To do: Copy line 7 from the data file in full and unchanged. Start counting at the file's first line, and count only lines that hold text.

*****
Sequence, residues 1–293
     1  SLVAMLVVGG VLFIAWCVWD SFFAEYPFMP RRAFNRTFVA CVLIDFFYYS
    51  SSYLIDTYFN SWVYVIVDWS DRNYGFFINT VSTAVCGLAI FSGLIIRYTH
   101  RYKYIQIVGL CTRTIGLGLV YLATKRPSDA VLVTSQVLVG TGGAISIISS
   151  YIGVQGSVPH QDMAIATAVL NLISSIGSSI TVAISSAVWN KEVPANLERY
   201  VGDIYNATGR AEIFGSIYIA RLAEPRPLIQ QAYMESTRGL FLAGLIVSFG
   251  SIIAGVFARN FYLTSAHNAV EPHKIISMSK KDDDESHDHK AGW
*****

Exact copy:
   251  SIIAGVFARN FYLTSAHNAV EPHKIISMSK KDDDESHDHK AGW